Callaway designed the new Fairway 14 and Fairway + golf bags with push carts in mind. A totally redesigned top offers a secure mounting on even the roughest terrain.

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Opinion & Analysis

2022 AT&T Byron Nelson: Outright Betting Picks

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As anticipation mounts for the 2022 PGA Championship at Southern Hills, we make one final pit stop at TPC Craig Ranch in McKinney, Texas, to play the 2022 AT&T Byron Nelson.

Last year was the first time the tournament was held at TPC Craig Ranch. The prior two editions of the AT&T Byron Nelson were played at Trinity Forest Golf Club in Dallas.

TPC Craig Ranch is a 7,468-yard par 72 and features bentgrass greens.  The event historically plays relatively easy, and that certainly didn’t change last year with the new course. K.H. Lee won the event by shooting -25.

The course structure may provide some additional intrigue with the par-3 17th set up like the stadium hole at TPC Scottsdale. The course also has both long and difficult par-4s mixed with driveable par-4s, which should create some exciting moments.

There are 156 golfers in the field this week, and it’s a very strong collection of players. Some notable golfers in the field include Dustin Johnson, Sam Burns, Justin Thomas, Will Zalatoris, Adam Scott, Brooks Koepka, Jordan Spieth, Scottie Scheffler Xander Schauffele, and Hideki Matsuyama.

2022 AT&T Byron Nelson Best Bets

Jordan Spieth (+2200) (DraftKings):

When I took my first glance at the odds this week, I thought there may have been a mistake. Coming off of a win and a stretch where he’s played great golf, I fully anticipated Jordan Spieth’s betting odds this week to have a “1” in front of them.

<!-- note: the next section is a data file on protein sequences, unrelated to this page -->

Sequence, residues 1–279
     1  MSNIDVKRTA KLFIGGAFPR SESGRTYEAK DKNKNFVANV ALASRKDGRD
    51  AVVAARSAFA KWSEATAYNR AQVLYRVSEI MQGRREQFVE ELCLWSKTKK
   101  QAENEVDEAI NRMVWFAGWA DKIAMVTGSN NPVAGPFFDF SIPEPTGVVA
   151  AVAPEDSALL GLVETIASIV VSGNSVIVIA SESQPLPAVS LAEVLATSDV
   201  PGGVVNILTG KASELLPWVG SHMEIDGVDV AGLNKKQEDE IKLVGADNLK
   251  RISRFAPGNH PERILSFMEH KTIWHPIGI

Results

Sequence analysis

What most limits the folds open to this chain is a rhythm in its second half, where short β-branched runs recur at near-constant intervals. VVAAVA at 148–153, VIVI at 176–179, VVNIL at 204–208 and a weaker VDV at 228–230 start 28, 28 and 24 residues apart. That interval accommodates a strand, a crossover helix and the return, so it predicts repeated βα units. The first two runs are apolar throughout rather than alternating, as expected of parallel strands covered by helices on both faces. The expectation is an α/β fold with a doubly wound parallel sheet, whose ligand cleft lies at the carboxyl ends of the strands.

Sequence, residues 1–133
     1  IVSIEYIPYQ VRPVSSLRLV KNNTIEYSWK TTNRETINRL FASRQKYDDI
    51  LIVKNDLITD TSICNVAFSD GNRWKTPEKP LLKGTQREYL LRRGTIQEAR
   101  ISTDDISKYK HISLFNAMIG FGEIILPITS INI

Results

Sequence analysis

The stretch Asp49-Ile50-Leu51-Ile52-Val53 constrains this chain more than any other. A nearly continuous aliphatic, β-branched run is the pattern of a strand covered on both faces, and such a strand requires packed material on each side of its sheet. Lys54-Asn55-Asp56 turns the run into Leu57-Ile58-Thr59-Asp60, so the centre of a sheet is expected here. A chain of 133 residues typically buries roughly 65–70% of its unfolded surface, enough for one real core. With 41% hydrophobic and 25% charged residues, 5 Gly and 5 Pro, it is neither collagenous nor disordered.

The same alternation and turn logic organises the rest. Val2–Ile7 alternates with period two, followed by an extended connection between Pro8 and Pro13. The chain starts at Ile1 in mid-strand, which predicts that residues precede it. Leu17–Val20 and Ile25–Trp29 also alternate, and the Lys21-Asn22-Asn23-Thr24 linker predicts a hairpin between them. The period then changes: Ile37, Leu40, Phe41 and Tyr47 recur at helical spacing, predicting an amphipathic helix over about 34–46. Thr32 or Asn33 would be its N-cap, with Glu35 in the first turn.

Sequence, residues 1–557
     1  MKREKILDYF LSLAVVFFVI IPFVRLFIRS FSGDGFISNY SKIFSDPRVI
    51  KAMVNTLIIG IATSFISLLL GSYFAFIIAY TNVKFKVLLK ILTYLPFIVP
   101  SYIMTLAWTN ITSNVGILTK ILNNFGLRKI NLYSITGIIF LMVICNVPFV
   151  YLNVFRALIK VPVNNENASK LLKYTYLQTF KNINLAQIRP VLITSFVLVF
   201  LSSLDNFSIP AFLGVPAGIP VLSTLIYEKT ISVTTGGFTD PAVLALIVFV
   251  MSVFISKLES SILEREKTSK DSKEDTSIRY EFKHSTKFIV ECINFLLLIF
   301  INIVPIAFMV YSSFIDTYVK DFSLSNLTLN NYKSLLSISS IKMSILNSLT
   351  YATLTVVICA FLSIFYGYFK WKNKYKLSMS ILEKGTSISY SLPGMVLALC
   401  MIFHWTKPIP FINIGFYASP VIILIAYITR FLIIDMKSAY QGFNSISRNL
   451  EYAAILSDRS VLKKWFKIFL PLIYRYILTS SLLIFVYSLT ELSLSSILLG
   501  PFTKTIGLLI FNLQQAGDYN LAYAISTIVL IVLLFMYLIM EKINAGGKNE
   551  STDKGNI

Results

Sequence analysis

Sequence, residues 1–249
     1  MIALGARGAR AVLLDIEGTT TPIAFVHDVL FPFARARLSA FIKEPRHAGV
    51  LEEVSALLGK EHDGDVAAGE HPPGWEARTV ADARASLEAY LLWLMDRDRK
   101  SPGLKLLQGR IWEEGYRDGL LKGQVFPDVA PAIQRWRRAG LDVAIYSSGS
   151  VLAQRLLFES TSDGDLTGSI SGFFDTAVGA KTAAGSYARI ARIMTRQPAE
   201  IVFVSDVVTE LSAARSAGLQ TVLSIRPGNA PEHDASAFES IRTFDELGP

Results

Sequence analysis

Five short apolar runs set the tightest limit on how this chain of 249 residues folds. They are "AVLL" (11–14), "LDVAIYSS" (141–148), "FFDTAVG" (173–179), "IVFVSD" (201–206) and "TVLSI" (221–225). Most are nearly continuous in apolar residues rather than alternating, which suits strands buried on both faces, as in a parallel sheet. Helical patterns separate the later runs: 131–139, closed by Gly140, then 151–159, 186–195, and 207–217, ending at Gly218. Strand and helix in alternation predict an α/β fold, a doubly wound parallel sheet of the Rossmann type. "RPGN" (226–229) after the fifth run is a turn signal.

Spieth’s win at the RBC Heritage was impressive, but I was more impressed with the way he got it done. In the past, we’ve seen Jordan contend by gaining strokes putting and making improbable birdies throughout the week. That wasn’t the case at Harbour Town. The 28-year-old gained 13.3 strokes from tee to green which led the field by a whopping 3.0 stroke margin. He’s gained strokes on approach in his past six measured events and has gained strokes off the tee in five of his past six measured events. Shockingly, Spieth has had a difficult time putting this season. If he can regain form with the putter he will be incredibly difficult to beat.

Throughout the past few seasons, the former Texas Longhorn has been incredible in the state of Texas. Three of his past four starts in the state have resulted in a top-ten finish, including a win at last year’s Valero Texas Open.

I typically don’t like betting on golfers to win in back-to-back starts, but if there is anyone who can do it, it’s Spieth. He’s won in consecutive starts twice already in his career and tends to get scorching hot once he starts rounding into form.

Will Zalatoris (+2200)(Bet365):

Will Zalatoris is overdue for his first PGA Tour victory and there’s plenty of reason to believe that TPC Craig Ranch is the perfect spot for him to finally get over the hump.